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Ashish Singh
Ashish Singh

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Building Redis Server in Rust: Part 2

In the previous blog post, we covered single threaded client server communication. In this blog post, we will be covering multi-threaded server client communication. Every new client request will be handled in its own separate thread. We will be using tokio::spawn to spawn a new thread to handle the incoming request from the client.

We will also be implementing server shutdown using ctrl + c. It will close the server but the clients will be gracefully shutdown without panicking. For this we need to communication from server to client. Let's use tokio::sync::broadcast channel broadcast messages to client. But this is only possible when all the clients subscribe to the broadcast sender. This means our client will be holding at least fields socket and receiver.

Also, since multiple clients can connect simultaneously, they also read and write data simultaneously. This means, we also need to supply a copy of Db to each thread. As of now, we just have one instance variable of Db, this object needs to be shared across the threads. For this purpose, 2 things need to happen.

  1. We will use Arc<Mutex> and wrap it around the HashMap<String, Bytes> in our Db to create shared references. We could use Rc<RefCell> for this purpose, but since we are talking about multi-threading Rc is not a great fit as it is not thread-safe.
  2. Since, we are looking at many values associated with a client connection, we should create a struct Handler to encapsulate all the fields together.

Let's try to breakdown our code such that hitting ctrl + c while the server is running triggers the shutdown process for the server. In the main function of bin/server.rs let's capture the shutdown signal using tokio::signal.

use tokio::signal;

// in main function
let shutdown = signal::ctrl_c();
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Whenever we hit ctrl+ c this shutdown future completes on the .await or Future::poll.

We want to run 2 branches at this point, one to handle the incoming requests from clients and the other to listen on this shutdown. So whenever ctrl+c is received the shutdown process starts dropping the client handle branch. This is where tokio::select comes into picture. It takes any number of async branches in form of futures(similar to promise in js) and runs them concurrently, waiting for value from any branch. Upon receiving value from a branch, it execuates the handler function and drops the rest of the branches.

tokio::select! {
    res = server::run(&mut listener) => {
            if let Err(_err) = res {
            println!("failed to accept connection");
        }
    }
    _ = shutdown => {
        println!("inside shutdown loop");
    }
}
// execution reaches here only when shutdown future returns value or server encounters and error.
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In the code above, both the branches will run and wait for any one to return a value. To keep the server running, we will not return a value from server::run unless there is an error. If we hit ctrl+c at this point, then shutdown branch will run stopping our server::run() future.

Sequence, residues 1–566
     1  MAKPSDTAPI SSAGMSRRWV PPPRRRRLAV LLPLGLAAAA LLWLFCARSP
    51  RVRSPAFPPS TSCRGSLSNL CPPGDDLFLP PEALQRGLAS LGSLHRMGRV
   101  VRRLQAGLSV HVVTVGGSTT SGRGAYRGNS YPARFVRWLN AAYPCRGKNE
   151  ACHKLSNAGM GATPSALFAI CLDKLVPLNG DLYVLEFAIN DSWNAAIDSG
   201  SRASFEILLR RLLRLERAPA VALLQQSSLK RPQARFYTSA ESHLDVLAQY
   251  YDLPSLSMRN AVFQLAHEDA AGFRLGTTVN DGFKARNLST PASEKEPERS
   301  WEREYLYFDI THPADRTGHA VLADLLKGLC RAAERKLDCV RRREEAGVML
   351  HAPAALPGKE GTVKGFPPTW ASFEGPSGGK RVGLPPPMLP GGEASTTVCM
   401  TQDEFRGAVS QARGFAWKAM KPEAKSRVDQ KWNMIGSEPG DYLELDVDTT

At this point, lets create our Handler and Listener structs. The Listener struct is the server object holding TcpListener and broadcast channel.

Handler is also responsible for following in addition to manage socket and db clone:-

  1. Receiving shutdown notification from server, in case server start shutting down.
  2. Notifying the server when the handler is going out of scope.

Let's combine the shutdown related functionality into a separate field into a Shutdown struct and move the socket into a new field which is Connection struct.

File src/handler.rs

pub struct Handler {
    pub connection: Connection,
    pub db: Db,
    pub shutdown: Shutdown,
    // when the handler object is dropped, this sends a message to the receiver
    _shutdown_complete: mpsc::Sender<()>,
}

pub struct Connection {
    pub stream: TcpStream,
}

pub struct Shutdown {
    shutdown: bool,
    notify: broadcast::Receiver<()>,
}
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The shutdown struct holds notify which is a broadcast receiver which subscribes to the server broadcasting shutdown. It's time to define the Listener struct and connect the broadcast from listener to handler subscriber.

Let's create a new file src/listener.rs.

use tokio::{
    net::{TcpListener, TcpStream},
    sync::{broadcast, mpsc},
};

use crate::Db;

pub struct Listener {
    pub db: Db,
    pub listener: TcpListener,
    pub notify_shutdown: broadcast::Sender<()>,
    pub shutdown_complete_rx: mpsc::Receiver<()>,
    pub shutdown_complete_tx: mpsc::Sender<()>,
}
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In listener struct, notify_shutdown is a broadcast channel sender. It will broadcast a message when the listener notify_shutdown is dropped.

The other 2 fields shutdown_complete_rx and shutdown_complete_tx are mpsc objects used to communicate between the multiple handlers to the server. Imagine, there are many clients connected to the server and the server decides to shutdown. In that case, the mpsc::Receiver<()> will only await till all the senders have closed before the mpsc::Receiver<()> stops blocking for receiving the messages. In short, all senders should be completed/dropped for the receiver to allow for further execution of code.

The flow of messages is follows:-

  1. Server start shutting down. It sends a message to all handlers.